Self-Determination and Minorities
We have seen the complications that beset the diplomats as a result of appeals to the principle of self-determination, which in the diplomacy of Europe had served less as a moving force than as a formula that was useful in coping with existing circumstances.
American policy in 1919 was subject to particular stress from two minorities that appealed to Wilson's predilection for self-determination. Advocates of Irish independence and those of a Zionist establishment in Palestine, wielding a political influence in the United States that was disproportionate to their numbers, looked eagerly to the delegates at the Peace Conference for sympathy and support.
Irish-Americans, determined to aid their kin who were in revolt against the British government, 1. had tried unsuccessfully to induce McAdoo to represent them at Paris, and both Tumulty and Creel had importuned the president to give heed to their cause. 2. Wilson, however, deemed it unwise to press the matter. On January 26 the president cabled: "I frankly dread the effect on British public opinion ... of a Home Rule resolution by the House of Representatives.... It is not a question of sympathy but of international tactics at a very critical moment. " 3. The conflict between responsible diplomacy and political expediency was embarrassing.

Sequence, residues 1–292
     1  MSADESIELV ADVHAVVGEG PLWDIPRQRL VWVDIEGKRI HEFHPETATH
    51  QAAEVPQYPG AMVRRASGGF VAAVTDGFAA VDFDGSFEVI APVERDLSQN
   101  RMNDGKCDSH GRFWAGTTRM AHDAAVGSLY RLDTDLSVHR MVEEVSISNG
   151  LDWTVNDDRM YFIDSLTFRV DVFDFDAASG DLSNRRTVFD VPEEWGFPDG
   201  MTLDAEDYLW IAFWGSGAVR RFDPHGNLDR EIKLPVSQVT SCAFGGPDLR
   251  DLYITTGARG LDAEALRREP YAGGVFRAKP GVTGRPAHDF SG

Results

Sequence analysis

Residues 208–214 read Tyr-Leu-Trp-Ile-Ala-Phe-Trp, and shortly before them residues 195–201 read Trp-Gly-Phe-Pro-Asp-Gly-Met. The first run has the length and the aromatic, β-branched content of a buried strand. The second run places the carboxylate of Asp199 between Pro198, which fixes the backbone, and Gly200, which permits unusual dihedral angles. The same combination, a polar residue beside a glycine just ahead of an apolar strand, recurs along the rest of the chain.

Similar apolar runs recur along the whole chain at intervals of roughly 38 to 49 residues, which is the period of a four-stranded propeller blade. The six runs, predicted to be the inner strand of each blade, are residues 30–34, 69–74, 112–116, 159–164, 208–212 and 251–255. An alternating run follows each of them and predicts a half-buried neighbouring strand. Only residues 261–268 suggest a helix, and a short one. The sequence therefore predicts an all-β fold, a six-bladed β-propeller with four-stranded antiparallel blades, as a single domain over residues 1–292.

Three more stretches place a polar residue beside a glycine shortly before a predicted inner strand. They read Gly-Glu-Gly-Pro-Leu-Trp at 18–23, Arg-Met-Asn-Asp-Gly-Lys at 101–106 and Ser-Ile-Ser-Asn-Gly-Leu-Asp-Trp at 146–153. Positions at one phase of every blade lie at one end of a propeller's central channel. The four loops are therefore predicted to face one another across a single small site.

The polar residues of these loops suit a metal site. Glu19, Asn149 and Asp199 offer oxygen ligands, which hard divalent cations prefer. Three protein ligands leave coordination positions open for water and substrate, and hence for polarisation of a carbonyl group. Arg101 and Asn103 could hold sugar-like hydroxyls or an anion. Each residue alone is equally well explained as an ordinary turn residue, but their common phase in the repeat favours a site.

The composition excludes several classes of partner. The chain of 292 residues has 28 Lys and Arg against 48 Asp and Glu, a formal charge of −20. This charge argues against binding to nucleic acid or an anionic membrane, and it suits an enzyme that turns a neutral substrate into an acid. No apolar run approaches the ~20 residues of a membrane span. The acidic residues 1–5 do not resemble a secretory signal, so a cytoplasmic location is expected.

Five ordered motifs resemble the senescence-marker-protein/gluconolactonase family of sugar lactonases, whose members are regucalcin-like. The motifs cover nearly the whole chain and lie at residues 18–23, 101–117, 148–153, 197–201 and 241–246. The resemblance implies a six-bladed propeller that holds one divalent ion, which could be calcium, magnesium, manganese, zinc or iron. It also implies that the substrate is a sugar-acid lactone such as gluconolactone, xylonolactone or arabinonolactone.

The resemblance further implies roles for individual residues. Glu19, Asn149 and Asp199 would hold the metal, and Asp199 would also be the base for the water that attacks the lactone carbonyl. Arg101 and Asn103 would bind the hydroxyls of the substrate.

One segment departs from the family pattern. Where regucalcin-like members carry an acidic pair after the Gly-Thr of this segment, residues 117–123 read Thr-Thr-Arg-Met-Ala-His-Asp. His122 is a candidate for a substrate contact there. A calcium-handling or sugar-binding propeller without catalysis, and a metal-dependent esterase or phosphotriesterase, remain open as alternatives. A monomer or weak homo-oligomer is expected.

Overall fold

Nevertheless, when agitation for Irish independence rose to a crest on St. Patrick's Day, the House of Representatives passed a resolution asking that the Peace Conference "favorably consider the claims of Ireland to self-determination." There was danger that if the American commission at Paris failed to act aggressively to get a hearing for the rebels, the Irish in America would oppose the League of Nations. 4.
While in Washington in February the president gave assurance to Lord Reading that he would do nothing that could commit the British government in any way to bring the Irish question before the Peace Conference. At the same time, Reading____________________